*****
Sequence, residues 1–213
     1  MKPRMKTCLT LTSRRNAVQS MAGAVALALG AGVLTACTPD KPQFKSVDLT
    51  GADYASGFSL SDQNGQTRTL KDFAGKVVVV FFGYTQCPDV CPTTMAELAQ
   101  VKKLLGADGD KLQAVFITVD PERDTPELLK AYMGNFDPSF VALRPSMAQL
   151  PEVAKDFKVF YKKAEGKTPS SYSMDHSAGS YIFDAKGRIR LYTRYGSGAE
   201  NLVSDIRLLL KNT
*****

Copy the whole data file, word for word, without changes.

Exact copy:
Sequence, residues 1–213
     1  MKPRMKTCLT LTSRRNAVQS MAGAVALALG AGVLTACTPD KPQFKSVDLT
    51  GADYASGFSL SDQNGQTRTL KDFAGKVVVV FFGYTQCPDV CPTTMAELAQ
   101  VKKLLGADGD KLQAVFITVD PERDTPELLK AYMGNFDPSF VALRPSMAQL
   151  PEVAKDFKVF YKKAEGKTPS SYSMDHSAGS YIFDAKGRIR LYTRYGSGAE
   201  NLVSDIRLLL KNT